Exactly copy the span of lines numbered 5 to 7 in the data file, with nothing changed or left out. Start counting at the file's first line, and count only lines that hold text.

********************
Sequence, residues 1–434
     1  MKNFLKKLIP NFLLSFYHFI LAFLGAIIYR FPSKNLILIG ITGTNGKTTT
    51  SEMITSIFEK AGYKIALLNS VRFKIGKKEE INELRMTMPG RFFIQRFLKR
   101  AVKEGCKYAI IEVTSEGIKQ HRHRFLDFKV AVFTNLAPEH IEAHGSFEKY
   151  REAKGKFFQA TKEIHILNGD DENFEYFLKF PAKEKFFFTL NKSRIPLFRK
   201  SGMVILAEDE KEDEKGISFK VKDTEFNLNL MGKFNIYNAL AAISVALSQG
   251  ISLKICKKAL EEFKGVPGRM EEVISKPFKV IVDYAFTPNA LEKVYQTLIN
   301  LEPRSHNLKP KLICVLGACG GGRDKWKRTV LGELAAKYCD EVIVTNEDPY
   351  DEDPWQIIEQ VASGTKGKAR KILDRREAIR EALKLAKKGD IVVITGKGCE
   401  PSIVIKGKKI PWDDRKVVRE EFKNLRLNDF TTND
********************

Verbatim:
   151  REAKGKFFQA TKEIHILNGD DENFEYFLKF PAKEKFFFTL NKSRIPLFRK
   201  SGMVILAEDE KEDEKGISFK VKDTEFNLNL MGKFNIYNAL AAISVALSQG
   251  ISLKICKKAL EEFKGVPGRM EEVISKPFKV IVDYAFTPNA LEKVYQTLIN